Fun with Fishing
Like any kelong, this was constructed for fishing, with nets positioned according to the direction of the tide, and with light bulbs to attract mollusks at night.
We saw a huge squid in its translucent skin sashaying amidst the schools of tiny fishes below our feet. And when we dropped the hook and line into the clear green waters as amateur fishermen, we were quickly rewarded with garfish, parrot fish, zebra fish and more species than we could identify.
Squeals of delight reverberated each time someone made a catch and a communal celebration ensued. I couldn’t decide which was better – the joy of fishing for them or having such a fresh catch to eat.
But to the youngest in our group, fishing was the best fun to be had. With her squid bait and rod, courtesy of Blue Mountain Kelong, she even reeled in baby crabs with purple shells.
Jungle Trekking Adventure
50 acres of preserved forestry beckoned us from our kelong, and we set off on a hike inland not too long after settling in.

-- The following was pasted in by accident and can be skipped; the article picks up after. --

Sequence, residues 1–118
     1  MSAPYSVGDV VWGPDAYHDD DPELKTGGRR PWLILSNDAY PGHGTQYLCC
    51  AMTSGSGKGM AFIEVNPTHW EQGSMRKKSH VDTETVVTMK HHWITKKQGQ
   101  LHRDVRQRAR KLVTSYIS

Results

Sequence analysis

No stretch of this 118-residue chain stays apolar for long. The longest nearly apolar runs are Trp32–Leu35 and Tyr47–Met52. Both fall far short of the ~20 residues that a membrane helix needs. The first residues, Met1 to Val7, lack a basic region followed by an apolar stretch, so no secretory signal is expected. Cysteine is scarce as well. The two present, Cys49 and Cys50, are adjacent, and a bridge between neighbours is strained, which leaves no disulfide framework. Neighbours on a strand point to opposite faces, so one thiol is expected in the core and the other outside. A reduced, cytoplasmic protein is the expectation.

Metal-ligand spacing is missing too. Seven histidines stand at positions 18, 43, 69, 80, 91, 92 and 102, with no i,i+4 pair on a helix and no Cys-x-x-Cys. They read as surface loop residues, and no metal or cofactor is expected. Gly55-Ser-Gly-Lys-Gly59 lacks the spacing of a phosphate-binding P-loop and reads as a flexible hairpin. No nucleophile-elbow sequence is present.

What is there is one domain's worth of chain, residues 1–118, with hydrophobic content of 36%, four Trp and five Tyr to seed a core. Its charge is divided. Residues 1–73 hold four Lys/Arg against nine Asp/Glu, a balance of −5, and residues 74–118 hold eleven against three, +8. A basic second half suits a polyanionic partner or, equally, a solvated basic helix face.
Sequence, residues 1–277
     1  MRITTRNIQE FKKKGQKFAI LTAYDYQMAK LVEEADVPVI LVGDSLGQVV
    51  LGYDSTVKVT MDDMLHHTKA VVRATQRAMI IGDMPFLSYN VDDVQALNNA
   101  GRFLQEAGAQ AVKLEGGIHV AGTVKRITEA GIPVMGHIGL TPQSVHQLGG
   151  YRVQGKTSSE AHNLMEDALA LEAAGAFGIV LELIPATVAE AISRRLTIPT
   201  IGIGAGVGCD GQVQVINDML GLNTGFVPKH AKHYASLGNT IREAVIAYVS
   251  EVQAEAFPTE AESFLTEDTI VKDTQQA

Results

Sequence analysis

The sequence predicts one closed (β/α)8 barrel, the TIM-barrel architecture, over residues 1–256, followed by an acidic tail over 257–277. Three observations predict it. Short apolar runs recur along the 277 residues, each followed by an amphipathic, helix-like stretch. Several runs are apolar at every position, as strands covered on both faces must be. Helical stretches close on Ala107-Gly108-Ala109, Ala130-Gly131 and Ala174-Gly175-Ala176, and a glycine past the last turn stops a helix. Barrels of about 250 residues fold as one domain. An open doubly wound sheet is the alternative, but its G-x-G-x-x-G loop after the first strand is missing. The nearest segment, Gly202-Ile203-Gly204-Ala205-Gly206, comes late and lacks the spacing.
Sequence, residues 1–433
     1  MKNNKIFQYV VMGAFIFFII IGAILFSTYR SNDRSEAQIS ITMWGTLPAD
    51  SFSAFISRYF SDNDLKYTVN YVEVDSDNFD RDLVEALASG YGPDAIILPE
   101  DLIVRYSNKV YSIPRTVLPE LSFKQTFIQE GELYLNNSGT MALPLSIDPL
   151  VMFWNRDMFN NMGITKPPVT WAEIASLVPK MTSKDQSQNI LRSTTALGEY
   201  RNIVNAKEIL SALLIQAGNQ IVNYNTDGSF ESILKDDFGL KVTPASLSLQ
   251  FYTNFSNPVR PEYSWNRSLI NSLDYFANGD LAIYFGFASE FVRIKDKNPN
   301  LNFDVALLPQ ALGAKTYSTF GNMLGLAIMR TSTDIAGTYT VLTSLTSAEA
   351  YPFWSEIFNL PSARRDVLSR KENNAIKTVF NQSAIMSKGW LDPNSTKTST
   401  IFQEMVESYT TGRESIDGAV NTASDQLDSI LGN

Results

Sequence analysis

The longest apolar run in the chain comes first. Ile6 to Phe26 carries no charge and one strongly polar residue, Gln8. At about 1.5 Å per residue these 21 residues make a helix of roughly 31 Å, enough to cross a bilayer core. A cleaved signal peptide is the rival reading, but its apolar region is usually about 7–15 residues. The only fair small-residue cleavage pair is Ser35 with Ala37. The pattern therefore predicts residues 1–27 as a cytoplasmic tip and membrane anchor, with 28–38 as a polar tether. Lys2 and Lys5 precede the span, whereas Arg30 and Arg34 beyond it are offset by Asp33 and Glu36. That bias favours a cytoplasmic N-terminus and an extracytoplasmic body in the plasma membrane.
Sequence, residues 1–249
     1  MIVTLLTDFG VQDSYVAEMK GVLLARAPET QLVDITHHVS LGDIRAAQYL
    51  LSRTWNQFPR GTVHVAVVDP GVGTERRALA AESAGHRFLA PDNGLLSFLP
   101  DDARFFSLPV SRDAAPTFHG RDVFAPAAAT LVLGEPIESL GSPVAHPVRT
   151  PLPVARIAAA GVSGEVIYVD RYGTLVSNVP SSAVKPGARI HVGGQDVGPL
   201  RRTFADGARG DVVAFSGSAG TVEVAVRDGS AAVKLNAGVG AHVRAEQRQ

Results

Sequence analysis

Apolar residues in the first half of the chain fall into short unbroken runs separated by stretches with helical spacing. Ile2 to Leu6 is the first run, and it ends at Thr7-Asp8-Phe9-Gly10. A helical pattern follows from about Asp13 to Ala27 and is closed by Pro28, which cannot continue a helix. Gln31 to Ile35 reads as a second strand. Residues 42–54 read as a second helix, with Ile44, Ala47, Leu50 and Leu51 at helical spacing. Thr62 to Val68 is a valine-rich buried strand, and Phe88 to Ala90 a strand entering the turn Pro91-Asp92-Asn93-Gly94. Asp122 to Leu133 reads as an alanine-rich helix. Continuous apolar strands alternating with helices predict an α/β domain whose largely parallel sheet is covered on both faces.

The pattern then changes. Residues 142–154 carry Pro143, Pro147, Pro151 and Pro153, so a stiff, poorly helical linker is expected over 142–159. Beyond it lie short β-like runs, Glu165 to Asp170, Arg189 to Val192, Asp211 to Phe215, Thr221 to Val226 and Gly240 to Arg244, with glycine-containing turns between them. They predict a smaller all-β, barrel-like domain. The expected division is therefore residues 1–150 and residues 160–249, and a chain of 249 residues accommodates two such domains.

Unlike the manicured paths we are used to back home, the trail was thick with vegetation and our guide slashed away to clear the way for us.
A friendly family of four kampung dogs accompanied us deep into the forest as we trudged along with our poles, and made our way back via an interesting coastal walk filled with rocks, shells and tiny sea creatures.
Loot from the Eco Garden
Near the coast sits a rustic kampung and an eco garden where the staff of the kelong tend fruits and vegetables for our consumption and for commercial sale. It was an educational walk for our young one to see how food actually looks like at ground zero.
It was a fruitful trip too, as we brought home half a small suitcase full of freshly harvested Indonesian bananas, papayas, melons, brinjals, ginger and chilli, all for just S$6.
Sampan Ride to the Tunjuk Beach and Island
Another highlight of our trip was a visit to the nearby Tunjuk Island. With an in-house powerboat at our disposal, we waited for the skies to clear and headed to the beach.
Along the way, we found out that our masseuse lived on that island. She kindly showed us around, and led us to her kampung home where she had set up a quaint mini provision shop on the front porch.